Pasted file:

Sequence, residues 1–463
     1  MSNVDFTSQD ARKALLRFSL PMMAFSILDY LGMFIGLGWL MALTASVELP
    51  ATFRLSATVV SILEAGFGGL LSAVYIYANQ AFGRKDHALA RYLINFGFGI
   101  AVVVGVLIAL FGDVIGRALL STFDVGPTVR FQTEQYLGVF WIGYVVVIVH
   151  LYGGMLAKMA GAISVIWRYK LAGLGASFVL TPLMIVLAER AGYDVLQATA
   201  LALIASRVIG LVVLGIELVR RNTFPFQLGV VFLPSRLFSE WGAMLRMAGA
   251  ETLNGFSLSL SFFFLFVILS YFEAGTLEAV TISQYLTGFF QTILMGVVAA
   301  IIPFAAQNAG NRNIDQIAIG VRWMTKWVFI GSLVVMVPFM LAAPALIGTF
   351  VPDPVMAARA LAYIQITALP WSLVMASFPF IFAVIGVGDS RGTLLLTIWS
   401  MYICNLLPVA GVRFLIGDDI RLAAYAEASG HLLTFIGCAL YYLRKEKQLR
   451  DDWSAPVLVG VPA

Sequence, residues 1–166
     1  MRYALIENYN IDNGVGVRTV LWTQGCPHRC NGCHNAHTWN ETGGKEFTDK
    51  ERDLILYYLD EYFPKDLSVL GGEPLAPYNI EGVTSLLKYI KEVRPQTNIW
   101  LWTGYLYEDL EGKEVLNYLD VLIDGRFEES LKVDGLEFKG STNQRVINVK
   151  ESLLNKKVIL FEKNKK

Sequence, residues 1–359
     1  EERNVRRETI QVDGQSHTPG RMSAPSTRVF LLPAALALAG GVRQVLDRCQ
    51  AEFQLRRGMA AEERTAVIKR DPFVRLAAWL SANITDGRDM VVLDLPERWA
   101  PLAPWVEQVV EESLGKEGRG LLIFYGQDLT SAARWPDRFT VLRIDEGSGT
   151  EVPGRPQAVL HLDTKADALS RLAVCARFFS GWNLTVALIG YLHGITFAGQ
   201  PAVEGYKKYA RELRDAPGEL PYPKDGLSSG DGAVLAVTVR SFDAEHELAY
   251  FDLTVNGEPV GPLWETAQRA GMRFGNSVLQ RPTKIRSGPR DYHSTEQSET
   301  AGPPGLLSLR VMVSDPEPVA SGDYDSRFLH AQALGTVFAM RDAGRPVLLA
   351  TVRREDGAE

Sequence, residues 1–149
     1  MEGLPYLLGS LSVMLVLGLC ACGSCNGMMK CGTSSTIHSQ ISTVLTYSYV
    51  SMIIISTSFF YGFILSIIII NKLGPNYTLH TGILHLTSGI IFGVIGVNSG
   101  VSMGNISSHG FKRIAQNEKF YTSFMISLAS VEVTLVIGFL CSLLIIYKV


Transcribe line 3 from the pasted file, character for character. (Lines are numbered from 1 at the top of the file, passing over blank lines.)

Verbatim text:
    51  ATFRLSATVV SILEAGFGGL LSAVYIYANQ AFGRKDHALA RYLINFGFGI